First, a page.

Our heavyweight 180g vinyl is pretty badass and we love it.
180g records have a huge following among serious vinyl buyers and we love them because they are the opposite of the crap vinyl people were pedalling in the olden times. You can read various message boards as to why people feel either way on this issue if you’re into that sort of thing.
Can you etch a message into the inner groove / deadwax of my record?
If Pallas-USA is cutting your record, make sure to add any special message or details you’d like us to etch onto your order form. We always etch your catalog # / release number, the side of the record and our internal part number. If you want us to etch a shout-out to your fans or a message to your lover(s), we can do that too. The only limit is your imagination. And 20 characters.
If you are supplying lacquers or plates made elsewhere, make sure the engineer does the etching. But if you need Pallas to add a custom etching to your supplied parts, we can do it but if we scratch it up by mistake, not our fault. Or more technically speaking: please understand that we cannot be held responsible for any damage or mistakes made while etching on supplied parts.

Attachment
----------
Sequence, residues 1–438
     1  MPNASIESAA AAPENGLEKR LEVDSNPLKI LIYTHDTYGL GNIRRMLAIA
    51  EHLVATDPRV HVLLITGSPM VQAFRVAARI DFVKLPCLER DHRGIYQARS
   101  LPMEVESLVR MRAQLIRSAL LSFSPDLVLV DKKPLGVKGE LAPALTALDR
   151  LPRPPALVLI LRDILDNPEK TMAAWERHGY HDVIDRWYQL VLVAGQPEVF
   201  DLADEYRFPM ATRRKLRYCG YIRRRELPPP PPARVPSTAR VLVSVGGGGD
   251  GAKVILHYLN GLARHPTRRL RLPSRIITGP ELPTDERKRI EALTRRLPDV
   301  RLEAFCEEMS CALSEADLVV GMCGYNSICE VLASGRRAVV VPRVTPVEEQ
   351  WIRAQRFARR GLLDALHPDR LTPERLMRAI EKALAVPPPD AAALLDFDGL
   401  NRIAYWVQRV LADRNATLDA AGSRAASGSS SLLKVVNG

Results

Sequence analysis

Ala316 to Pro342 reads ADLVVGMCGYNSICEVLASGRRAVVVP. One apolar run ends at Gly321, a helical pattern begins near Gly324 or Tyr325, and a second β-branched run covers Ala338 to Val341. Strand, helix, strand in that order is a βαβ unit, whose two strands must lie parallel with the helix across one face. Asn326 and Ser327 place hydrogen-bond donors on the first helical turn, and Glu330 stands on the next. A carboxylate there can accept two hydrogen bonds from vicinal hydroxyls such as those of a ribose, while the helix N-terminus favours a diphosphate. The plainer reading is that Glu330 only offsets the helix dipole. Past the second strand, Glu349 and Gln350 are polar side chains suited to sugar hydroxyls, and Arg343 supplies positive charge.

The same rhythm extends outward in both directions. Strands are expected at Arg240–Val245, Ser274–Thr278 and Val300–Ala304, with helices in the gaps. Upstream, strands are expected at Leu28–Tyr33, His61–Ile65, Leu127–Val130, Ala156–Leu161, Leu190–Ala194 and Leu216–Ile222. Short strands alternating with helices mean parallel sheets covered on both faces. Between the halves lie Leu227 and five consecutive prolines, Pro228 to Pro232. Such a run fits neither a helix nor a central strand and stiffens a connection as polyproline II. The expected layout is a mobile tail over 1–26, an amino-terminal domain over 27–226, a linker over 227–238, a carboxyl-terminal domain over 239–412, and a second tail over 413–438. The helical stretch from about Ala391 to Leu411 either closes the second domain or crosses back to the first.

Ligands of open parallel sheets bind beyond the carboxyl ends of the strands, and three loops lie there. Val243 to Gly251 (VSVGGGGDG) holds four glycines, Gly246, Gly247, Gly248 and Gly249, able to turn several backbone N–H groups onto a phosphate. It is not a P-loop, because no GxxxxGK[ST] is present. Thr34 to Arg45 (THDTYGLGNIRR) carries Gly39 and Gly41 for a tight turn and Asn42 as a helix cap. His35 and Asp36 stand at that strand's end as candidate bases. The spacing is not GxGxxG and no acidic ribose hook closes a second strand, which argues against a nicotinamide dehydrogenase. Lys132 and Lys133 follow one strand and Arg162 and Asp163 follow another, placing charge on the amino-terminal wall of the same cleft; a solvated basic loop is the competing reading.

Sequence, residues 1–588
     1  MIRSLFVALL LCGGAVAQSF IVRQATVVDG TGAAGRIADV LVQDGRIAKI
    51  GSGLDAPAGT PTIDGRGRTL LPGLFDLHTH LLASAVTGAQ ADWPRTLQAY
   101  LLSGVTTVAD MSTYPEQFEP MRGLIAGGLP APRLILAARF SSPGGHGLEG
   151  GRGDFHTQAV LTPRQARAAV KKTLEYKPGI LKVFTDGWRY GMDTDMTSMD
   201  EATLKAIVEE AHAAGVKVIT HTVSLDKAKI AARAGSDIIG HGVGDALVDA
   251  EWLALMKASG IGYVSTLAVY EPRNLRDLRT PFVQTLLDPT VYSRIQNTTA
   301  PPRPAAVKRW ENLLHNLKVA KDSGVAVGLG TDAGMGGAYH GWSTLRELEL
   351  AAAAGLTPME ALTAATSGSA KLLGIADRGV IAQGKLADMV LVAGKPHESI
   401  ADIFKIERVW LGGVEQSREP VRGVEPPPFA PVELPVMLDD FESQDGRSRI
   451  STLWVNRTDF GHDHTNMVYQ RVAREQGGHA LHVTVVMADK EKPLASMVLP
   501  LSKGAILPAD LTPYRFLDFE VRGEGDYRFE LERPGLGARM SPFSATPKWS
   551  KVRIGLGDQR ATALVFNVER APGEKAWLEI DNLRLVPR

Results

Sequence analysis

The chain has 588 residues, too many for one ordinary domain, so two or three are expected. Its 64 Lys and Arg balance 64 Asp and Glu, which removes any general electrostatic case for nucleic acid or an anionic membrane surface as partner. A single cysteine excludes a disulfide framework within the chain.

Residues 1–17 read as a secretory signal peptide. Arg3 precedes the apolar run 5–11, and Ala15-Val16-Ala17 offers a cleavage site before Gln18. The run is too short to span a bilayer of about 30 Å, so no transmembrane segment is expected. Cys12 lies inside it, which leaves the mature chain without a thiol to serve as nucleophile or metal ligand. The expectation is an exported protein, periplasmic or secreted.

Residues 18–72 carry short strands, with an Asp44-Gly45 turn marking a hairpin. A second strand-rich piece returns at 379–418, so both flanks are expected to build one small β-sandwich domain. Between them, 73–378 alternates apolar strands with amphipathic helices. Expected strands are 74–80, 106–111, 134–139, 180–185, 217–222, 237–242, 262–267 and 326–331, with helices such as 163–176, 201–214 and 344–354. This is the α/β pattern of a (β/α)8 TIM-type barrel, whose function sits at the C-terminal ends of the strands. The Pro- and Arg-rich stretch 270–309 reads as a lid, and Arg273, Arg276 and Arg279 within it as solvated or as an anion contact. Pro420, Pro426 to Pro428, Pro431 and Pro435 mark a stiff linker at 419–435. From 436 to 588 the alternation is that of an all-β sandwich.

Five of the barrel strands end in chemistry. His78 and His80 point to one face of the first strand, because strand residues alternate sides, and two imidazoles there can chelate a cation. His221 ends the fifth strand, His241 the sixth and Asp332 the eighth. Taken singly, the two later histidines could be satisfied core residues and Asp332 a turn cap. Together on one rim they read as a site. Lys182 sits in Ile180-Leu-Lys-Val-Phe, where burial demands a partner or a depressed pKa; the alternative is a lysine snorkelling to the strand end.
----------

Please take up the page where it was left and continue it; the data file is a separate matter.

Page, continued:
If you don’t know what the hell we’re talking about, look at the inner grooves of a record – the space in between the playable grooves and the label is referred to as the deadwax. We can make words there!
Can you etch an image onto one side of my record?
Of course. Some things we have etched: a frog smoking a cigar, a rock star signature, a weird hay making machine, the word “VINYL”. What’s next?! Send us full resolution graphics (should be one color line art – not grayscale or full color, ie – no dots) and we can make one side a non-playable piece of art.
What is a locked groove?
A locked groove locks the needle in place. There’s one on every record at the end of the side to prevent your stylus/needle from surfing onto the center label at the end of a side.
You can also add a locked groove at the end of a song for fun. For example, it can be used to hide bonus tracks by requiring the listener to pick up the stylus and manually advance it to the next track. Make em work for it.
What is an endless audio loop?